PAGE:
A new system of charging people who park on the streets of Norwich will penalise those who drive large cars.
The cost of permit parking is to rise for the first time since 1993
The city council has said it will introduce a new permit parking scheme based on vehicle length, which is thought to be the first in England.
The council has said the size of a vehicle is directly related to the level of CO2 emissions.
It said it hopes pollution in the city will be reduced and that people will be encouraged to drive smaller cars.
Councillor Brian Morrey said: "We've based the scheme on size and when people apply for their permits they'll have to provide their registration number and this will be checked."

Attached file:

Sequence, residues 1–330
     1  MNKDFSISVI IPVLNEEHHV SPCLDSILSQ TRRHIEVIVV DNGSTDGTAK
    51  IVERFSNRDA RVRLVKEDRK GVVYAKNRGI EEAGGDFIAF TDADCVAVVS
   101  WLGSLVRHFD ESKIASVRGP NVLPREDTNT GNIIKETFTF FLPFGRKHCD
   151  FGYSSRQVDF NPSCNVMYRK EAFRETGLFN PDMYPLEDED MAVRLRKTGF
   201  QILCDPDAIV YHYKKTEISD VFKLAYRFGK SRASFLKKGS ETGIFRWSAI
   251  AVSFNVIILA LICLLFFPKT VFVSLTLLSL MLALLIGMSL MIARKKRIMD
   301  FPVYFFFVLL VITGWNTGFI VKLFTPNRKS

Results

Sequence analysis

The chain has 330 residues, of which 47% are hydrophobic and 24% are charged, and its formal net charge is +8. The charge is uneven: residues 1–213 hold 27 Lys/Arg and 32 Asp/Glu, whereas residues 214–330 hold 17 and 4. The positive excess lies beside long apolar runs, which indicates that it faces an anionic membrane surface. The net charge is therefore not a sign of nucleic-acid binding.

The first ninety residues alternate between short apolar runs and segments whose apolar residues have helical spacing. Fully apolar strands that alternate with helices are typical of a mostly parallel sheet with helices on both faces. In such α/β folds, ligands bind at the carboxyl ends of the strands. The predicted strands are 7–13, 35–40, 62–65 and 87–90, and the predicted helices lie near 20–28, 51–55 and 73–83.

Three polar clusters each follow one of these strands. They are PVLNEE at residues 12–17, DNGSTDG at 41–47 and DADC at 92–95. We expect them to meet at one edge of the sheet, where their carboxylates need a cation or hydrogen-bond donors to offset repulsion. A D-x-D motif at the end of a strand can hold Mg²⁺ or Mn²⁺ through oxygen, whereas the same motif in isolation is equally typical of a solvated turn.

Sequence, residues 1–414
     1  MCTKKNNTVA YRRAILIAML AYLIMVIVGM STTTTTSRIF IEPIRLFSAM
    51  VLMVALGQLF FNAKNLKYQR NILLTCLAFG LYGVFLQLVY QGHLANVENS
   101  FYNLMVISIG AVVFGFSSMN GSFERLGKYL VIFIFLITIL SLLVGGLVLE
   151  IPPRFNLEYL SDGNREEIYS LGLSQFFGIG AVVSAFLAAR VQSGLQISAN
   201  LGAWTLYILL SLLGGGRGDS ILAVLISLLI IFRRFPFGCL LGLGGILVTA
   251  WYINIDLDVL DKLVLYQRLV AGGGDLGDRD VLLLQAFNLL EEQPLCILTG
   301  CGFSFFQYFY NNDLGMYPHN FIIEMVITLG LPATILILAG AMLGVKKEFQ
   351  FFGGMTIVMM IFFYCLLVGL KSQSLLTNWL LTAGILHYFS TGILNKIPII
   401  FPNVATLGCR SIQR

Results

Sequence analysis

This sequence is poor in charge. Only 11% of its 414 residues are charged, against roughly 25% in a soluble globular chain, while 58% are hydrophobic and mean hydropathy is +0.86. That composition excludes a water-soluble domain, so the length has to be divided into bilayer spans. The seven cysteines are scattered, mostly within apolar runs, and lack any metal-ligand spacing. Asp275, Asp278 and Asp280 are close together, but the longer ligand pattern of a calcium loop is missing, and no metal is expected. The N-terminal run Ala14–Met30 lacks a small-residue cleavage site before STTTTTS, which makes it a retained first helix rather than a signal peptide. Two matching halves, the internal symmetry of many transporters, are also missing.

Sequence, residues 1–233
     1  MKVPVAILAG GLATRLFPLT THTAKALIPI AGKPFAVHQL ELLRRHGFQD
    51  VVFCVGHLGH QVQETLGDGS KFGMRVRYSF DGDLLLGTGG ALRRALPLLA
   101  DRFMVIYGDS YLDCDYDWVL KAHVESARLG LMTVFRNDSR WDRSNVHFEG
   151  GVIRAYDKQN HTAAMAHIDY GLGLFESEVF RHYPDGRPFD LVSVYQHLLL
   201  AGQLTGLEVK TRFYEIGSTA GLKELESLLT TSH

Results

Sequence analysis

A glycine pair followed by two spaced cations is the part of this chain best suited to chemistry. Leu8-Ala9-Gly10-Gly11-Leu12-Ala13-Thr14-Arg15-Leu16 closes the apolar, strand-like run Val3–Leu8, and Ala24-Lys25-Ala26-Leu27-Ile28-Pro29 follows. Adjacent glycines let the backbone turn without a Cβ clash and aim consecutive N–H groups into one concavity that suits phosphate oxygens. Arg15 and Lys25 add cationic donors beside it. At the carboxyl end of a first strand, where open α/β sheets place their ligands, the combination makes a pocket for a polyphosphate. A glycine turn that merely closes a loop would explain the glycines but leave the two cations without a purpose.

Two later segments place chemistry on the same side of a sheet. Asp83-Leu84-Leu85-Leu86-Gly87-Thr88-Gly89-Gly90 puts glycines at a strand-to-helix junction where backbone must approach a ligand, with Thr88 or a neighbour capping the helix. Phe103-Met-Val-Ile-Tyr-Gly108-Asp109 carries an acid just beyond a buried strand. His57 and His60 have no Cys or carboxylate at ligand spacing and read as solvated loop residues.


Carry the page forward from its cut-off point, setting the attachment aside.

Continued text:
Owners of hybrid vehicles and those which use alternative fuels will be able to park for free.
But critics said the council is generalising and some large cars are cleaner than small, powerful vehicles.
Tony Kimberley, corporate sales manager for Honda in Norwich, said: "Instead of consulting the professionals like myself they've based it on size not CO2 emissions.
"Both the government and the Inland Revenue base everything on CO2."
The new parking charges should be implemented later in the year and will be the first time the cost of permit parking in Norwich has risen since 1993.
Under the scheme people with cars under 3.92m (approx. 13ft) will pay £16 a year, those with cars between 3.92m and 4.45m (approx. 14.5ft) in length will pay £22 and vehicles over that length will incur a charge of £30.